Ozette Triangle Day 2: Hunting for Petroglyphs at Wedding Rocks

2.1 miles
+ 3 additional miles fetching water hunting for a campsite

We awoke on Saturday morning in a cloud of fog. Droplets of mist hung in the air and soaked the tent. I was glad Daniel talked me into affixing the rainfly last night or we would have gotten soaked.

Good morning, friend!

I walked south to filter water and find the privy. There are two outhouses in this area, and the one I found was well-used and had rotten floorboards. I was mildy terrified of falling into the tank below. During my PCT hike last year, my fellow hikers and I made a game of rating the trail toilets. This was not the worst toilet I had ever seen – that honor goes to the outhouses at the Little Jimmy Campground (which apparently I failed to write about in this blog post because I was too tired that day but trust me – they more than deserved the grade of F). The Sand Point privy was pretty bad though. I held my nose and decided to grade it a solid D-.

The Sand Point Privy

I found Wish Creek and filtered two liters of water that were an unappetizing brown color. We were warned of this beforehand and knew the color was leeched from the leaves. The water is safe to drink after filtering and tasted ok, but I wasn’t thrilled about drinking it.

Wish Creek

I headed back to camp and we were about to hit the trail – when we paused for a moment to reassess our water situation. Even though I had just filtered water, we worried about running out. There were no reliable sources for the rest of the day and we might be dry camping tonight. So I hiked back to Wish Creek and this time guzzled a liter and filled every bottle to capacity. The side trip took almost an hour – but on the bright side, I mused, every extra hour of hiking counts for the hike-a-thon! Woo!

Gimme some of that brown water.  Mmmmmm!! Photo by Daniel.

Once properly hydrated, we headed north along the coast. We planned our hike to coincide with low tide so that we could round the rocks at the north end of Sand Point along the beach. An overland route is available at high tide but it consists of a vertical path up the side of a cliff with a rope. No thank you!

The overland detour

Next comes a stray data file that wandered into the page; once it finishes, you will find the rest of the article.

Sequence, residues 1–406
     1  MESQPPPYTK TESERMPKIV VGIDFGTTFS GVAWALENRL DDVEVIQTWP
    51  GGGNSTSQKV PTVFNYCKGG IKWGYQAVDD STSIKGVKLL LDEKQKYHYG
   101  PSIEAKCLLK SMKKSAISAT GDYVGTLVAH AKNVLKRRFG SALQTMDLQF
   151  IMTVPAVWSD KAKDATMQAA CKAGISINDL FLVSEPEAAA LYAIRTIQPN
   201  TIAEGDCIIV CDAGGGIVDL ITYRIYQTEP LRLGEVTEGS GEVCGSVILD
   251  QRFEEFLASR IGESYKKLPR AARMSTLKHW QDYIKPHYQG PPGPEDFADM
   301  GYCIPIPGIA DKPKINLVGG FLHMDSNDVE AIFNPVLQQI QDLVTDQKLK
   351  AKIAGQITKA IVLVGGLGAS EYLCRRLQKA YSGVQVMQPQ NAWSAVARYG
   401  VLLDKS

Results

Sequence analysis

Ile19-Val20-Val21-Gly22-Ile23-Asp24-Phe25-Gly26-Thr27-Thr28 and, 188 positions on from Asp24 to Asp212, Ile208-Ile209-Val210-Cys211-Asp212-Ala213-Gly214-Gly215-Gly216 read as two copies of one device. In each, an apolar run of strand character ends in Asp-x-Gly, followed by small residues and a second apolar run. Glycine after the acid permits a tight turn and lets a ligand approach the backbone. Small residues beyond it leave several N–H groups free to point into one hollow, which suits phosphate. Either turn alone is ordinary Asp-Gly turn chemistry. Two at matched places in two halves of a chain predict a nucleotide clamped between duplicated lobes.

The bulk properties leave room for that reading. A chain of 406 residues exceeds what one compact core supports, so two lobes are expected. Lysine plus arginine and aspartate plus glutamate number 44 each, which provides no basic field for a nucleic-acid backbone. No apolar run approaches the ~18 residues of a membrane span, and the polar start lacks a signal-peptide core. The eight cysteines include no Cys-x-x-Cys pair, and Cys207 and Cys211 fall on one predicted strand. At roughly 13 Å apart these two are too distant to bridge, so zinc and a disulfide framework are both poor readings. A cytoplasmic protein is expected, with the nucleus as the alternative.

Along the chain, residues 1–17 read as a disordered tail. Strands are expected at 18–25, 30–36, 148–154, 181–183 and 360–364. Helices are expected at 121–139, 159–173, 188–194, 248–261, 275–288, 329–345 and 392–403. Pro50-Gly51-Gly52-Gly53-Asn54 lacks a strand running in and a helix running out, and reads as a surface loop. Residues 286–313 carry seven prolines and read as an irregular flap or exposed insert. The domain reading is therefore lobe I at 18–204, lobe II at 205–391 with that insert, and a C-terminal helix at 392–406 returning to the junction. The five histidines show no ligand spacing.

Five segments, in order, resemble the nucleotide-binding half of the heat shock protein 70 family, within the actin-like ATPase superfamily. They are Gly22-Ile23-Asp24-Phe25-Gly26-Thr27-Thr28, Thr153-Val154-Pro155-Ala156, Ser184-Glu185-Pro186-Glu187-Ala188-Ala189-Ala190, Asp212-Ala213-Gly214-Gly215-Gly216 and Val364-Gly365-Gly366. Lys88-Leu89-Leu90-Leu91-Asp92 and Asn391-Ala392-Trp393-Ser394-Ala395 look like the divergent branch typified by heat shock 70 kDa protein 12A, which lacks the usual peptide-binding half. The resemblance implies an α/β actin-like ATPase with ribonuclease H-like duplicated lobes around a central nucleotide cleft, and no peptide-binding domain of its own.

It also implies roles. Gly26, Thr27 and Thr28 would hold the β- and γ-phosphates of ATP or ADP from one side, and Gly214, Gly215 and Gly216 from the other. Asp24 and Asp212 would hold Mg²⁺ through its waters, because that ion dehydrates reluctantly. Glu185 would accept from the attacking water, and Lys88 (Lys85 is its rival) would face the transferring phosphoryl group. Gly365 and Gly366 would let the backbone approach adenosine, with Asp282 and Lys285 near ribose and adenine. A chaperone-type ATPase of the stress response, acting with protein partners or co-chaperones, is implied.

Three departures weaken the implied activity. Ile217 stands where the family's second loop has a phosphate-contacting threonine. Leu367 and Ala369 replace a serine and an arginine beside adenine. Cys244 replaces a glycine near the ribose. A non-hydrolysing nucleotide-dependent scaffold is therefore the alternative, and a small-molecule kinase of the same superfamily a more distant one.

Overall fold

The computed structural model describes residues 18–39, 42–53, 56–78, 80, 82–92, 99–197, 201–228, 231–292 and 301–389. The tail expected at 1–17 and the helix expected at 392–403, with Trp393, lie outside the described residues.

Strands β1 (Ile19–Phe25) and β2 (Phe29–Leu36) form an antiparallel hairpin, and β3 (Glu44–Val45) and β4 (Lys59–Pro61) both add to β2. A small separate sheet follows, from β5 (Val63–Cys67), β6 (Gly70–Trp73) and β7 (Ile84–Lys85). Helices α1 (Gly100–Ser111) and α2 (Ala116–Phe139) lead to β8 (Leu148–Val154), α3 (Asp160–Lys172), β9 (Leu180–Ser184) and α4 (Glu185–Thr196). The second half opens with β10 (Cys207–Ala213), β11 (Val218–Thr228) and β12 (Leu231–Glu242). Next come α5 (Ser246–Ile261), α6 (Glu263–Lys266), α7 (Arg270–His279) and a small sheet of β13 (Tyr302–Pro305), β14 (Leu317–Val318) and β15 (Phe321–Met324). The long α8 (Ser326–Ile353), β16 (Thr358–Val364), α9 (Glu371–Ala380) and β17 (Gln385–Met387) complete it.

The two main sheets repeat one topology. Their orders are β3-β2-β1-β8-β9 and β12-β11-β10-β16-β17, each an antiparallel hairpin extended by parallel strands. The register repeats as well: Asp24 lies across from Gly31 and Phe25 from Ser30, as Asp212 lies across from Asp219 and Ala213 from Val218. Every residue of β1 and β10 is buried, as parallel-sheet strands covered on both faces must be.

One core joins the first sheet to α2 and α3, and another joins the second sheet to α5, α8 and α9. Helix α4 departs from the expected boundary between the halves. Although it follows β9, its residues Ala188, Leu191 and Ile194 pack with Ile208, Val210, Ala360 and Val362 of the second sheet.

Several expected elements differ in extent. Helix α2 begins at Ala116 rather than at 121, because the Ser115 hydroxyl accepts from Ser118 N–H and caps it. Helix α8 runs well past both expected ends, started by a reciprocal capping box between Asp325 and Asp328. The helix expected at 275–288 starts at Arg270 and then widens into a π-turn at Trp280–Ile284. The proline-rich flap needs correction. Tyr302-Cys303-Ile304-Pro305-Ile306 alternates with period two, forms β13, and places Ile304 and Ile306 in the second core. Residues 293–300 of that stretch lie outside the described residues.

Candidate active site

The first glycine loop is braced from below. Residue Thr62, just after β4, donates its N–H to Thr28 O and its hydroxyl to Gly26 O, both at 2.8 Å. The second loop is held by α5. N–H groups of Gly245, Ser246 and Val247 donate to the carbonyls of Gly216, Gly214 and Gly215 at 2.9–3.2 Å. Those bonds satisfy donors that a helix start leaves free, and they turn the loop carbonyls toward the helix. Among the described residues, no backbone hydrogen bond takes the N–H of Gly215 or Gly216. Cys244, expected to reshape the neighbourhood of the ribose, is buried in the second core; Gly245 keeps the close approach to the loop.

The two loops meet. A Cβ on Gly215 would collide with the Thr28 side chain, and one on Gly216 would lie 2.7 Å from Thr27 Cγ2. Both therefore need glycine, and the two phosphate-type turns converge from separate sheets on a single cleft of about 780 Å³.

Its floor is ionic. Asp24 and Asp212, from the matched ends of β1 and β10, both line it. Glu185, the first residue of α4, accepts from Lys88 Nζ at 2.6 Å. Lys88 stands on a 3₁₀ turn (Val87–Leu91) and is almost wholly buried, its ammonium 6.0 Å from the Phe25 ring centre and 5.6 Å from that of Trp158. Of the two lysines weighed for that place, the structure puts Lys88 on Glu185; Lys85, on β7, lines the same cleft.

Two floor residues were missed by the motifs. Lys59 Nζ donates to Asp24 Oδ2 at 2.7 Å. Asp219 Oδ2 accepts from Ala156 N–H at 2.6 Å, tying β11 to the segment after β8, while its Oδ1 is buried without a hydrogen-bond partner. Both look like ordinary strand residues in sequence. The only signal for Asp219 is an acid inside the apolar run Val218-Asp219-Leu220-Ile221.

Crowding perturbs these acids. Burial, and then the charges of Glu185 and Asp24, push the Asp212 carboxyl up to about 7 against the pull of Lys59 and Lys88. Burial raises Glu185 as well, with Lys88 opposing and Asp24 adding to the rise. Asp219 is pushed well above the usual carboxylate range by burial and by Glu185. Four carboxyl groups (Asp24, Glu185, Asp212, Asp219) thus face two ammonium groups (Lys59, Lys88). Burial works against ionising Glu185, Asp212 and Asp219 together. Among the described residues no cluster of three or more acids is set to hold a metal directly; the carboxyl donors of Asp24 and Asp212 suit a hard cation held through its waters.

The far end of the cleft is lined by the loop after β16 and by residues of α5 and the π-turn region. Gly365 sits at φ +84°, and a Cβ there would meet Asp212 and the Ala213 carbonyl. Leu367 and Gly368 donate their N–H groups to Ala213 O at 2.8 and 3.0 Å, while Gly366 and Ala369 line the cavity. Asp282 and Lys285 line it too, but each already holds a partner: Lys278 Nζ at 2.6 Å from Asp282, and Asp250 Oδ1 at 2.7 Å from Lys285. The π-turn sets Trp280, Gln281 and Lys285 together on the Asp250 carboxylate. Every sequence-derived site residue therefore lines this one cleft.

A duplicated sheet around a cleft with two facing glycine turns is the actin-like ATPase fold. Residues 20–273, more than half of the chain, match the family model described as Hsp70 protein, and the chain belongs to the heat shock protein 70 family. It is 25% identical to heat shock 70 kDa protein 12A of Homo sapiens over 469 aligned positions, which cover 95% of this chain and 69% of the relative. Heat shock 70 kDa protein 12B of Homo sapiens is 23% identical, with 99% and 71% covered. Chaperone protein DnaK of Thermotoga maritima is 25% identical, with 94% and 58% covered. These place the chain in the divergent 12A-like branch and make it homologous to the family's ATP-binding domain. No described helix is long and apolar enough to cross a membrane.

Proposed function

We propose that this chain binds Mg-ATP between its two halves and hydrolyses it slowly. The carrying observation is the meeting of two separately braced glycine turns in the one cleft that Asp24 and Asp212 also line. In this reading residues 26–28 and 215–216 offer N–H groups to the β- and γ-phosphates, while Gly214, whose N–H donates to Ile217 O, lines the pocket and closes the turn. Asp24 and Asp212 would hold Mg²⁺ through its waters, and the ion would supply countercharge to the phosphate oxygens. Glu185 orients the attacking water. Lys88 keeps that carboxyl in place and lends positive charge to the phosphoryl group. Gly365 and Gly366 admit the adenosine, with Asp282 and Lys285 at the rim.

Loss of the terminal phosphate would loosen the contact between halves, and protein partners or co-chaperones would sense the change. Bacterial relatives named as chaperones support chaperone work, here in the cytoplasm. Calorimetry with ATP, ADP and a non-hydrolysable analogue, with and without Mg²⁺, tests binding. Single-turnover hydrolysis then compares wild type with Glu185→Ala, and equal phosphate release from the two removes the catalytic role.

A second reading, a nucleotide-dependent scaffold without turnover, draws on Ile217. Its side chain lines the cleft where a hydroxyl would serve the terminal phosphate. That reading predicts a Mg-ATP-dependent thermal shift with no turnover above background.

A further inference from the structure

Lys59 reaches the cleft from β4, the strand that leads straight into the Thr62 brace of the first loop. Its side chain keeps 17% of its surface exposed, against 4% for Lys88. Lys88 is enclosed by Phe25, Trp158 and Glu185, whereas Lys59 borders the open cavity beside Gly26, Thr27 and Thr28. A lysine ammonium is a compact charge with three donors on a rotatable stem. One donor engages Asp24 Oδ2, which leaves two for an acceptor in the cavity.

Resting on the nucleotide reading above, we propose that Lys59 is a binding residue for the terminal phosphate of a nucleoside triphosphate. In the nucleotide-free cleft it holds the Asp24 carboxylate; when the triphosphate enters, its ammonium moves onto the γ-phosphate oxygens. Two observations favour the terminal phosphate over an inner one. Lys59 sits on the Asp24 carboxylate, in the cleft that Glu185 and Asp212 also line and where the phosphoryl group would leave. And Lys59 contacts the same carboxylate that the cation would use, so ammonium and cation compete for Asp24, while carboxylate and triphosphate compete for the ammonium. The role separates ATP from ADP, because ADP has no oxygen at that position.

Rounding the rocks at low tide

I don’t typically hike on beaches, and was reminded of how fun yet challenging it can be. This is not a beach that can be hiked in flip-flops. We were constantly navigating either sharp slippery rocks or soft sinking sand. Rotting piles of kelp became exposed at low tide which attracted birds and other wildlife. As we walked, a cloud of sand bugs hopped over our feet in a frenzy.

Hiking through piles of kelp

I’m surrounded by kelp!  Photo by Daniel.

Many rugged-looking rocks line the beach. Photo by Daniel

Peek-a-boo rock.  Photo by Daniel.

That’s all, folks! Photo by Daniel.

At Wedding Rocks, we found a secluded campsite tucked into the trees. We set up camp and then spent some time hunting for petroglyphs. The petroglyphs are carved into the rocks by ancestors of the Makah Tribe. There are no signs and so finding them is like a treasure hunt.

A petroglyph at Wedding Rocks.  This one looks like a face.

Another petroglyph at Wedding Rocks

Another petroglyph at Wedding Rocks

As the afternoon wore on, the clouds burned off for the first time during our trip. We cooked dinner on the beach and watched the sun slowly sink towards the horizon.

Watching the sunset from Wedding Rocks

Sunset over Ozette Island

Daniel enjoys the sunset

Daniel photographs the sunset

Goofing around

This time, we left the fly off our tent. The lack of clouds meant we could see the stars as the waves lulled us to sleep.

Night sky.  Photo by Daniel.

To be continued…

The hike-a-thon is there! During the month of August I’ll be raising money for the Washington Trails Association. Read this post to learn more.

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